THE ATLANTIC: The bombshell disclosure that the Justice Department secretly obtained two months of telephone records of Associated Press reporters and editors could be dramatic enough to move even the phlegmatic Obama administration to action. Three concurrent scandals or controversies are just too many. Could that mean we will be bidding farewell soon to Attorney General Eric Holder? MORE
THE HILL: As someone who has spent much of his adult life in politics and journalism, I find the action by the Department of Justice in targeting The Associated Press and its reporters as utterly reprehensible and crying out for some dramatic response.
GLENN GREENWALD: The legality of the DOJ’s actions is impossible to assess because it is not even known what legal authority it claims nor the legal process it invoked to obtain these records. Particularly in the post-9/11 era, the DOJ’s power to obtain phone records is, as I’ve detailed many times, dangerously broad. It often has the power to obtain those records without the person’s knowledge (as happened here) and for a wildly broad scope of time (as also happened here). There are numerous instruments that have been vested in the DOJ to obtain phone records, many of which do not require court approval, including administrative subpoenas and “national security letters” (issued without judicial review); indeed, the Obama DOJ has previously claimed it has the power to obtain journalists’ phone records without subpoeans using NSLs, and in its relentless pursuit to learn the identity of the source for one of New York Times’ James Risen’s stories, the Obama DOJ has actually claimed that journalists have no shield protections whatsoever in the national security context. It’s also quite possible that they obtained the records through a Grand Jury subpoena, as part of yet another criminal investigation to uncover and punish leakers.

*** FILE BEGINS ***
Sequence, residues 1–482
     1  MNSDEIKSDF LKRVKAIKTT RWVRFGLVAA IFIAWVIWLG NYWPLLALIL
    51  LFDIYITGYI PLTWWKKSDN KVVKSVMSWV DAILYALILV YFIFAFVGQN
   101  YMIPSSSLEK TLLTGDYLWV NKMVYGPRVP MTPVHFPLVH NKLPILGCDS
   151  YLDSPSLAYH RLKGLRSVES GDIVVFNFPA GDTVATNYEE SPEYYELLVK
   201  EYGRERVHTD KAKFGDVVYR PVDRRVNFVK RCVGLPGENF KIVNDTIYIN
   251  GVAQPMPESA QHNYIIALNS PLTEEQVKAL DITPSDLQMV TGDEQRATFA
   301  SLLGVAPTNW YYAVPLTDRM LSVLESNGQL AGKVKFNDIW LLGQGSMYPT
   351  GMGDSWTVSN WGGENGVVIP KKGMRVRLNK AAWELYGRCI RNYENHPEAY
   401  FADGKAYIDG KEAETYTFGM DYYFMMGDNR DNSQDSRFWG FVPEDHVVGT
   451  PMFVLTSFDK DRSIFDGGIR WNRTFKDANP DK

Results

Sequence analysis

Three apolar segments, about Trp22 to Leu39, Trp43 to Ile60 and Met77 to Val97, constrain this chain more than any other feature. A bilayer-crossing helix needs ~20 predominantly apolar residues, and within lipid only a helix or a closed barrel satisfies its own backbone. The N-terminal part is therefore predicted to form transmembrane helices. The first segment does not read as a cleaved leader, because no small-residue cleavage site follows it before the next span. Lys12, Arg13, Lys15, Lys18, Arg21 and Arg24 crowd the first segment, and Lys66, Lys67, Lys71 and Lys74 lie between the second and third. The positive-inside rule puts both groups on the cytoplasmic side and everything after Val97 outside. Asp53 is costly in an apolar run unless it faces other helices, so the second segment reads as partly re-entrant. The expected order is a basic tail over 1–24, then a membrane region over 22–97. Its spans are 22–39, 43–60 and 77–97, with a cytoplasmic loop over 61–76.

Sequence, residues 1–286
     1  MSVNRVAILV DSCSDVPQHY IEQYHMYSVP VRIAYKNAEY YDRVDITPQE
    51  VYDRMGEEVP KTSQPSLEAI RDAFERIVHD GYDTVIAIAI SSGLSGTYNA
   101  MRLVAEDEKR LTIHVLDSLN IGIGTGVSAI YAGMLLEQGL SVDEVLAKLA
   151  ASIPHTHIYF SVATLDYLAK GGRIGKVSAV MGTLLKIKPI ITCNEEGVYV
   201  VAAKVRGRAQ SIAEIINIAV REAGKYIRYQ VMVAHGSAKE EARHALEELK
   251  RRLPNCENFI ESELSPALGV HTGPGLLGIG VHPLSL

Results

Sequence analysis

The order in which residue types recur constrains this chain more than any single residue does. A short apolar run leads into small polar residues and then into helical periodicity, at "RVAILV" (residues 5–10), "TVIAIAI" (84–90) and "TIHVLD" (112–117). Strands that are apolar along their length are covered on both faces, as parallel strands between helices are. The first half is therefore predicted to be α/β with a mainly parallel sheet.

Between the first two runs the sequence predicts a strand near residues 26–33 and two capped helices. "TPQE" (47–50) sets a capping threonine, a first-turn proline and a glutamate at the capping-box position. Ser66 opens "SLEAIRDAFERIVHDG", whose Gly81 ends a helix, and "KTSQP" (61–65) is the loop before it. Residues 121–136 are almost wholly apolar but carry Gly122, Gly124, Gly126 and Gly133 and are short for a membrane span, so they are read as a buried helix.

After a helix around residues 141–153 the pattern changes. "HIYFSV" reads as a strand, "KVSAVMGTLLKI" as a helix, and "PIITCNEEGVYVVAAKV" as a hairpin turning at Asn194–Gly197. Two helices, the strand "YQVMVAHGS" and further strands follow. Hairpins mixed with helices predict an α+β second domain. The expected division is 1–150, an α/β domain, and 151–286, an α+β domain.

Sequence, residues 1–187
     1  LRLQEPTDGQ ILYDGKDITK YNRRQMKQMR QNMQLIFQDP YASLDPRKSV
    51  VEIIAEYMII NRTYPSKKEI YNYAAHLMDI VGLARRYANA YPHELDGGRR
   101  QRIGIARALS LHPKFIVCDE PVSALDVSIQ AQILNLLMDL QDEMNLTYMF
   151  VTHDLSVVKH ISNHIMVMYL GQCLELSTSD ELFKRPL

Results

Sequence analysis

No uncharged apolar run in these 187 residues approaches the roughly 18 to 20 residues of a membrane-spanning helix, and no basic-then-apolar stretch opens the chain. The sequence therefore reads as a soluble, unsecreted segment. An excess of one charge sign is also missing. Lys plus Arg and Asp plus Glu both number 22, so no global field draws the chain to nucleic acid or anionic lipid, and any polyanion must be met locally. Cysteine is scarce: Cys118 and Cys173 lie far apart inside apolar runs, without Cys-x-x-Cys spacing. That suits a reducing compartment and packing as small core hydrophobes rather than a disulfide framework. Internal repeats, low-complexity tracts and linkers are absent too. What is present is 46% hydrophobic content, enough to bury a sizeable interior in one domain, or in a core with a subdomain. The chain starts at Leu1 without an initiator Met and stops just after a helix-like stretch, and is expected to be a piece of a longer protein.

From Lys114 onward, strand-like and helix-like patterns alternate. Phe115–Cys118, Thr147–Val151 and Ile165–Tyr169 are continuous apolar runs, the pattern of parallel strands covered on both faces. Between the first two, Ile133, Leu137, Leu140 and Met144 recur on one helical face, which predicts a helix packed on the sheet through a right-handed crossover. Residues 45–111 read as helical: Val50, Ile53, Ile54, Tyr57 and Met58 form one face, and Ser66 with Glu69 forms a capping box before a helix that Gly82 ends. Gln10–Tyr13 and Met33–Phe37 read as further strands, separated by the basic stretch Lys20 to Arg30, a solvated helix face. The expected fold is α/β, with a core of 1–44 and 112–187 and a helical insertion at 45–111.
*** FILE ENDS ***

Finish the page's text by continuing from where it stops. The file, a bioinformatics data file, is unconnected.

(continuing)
None of those processes for obtaining these invasive records requires a demonstration of probable cause or anything close to it. Instead, the DOJ must simply assert that the records “relate to” a pending investigation: a standard so broad that virtually every DOJ desire will fulfill it. Even if a court were involved in the acquisition of these records – and that’s unlikely here – it typically does little more than act as rubber-stamping functionary, just as it does when secretly approving the DOJ’s requests for FISA warrants. This is what is reaped from continuously vesting the US government with greater and greater surveillance powers in the name of Terrorism and other fears.
There has long been concern about the DOJ’s snooping into the communications which journalists have with their sources precisely because the DOJ’s power to obtain phone data and other sensitive records in secret is now so sweeping. Attempts to enact legislation to protect journalists from this type of concealed investigative intrusion into their source communications have been defeated in part due to the DOJ’s insistence that it exercises this power responsibly and only in the most extreme cases. MORE
NOAM CHOMSKY: I personally never expected anything of Obama, and wrote about it before the 2008 primaries. I thought it was smoke and mirrors. The one thing that did surprise me is his attack on civil liberties. They go well beyond anything I would have anticipated, and they don’t seem easy to explain. MORE
ACLU: Obtaining a broad range of telephone records in order to ferret out a government leaker is an unacceptable abuse of power. Freedom of the press is a pillar of our democracy, and that freedom often depends on confidential communications between reporters and their sources. MORE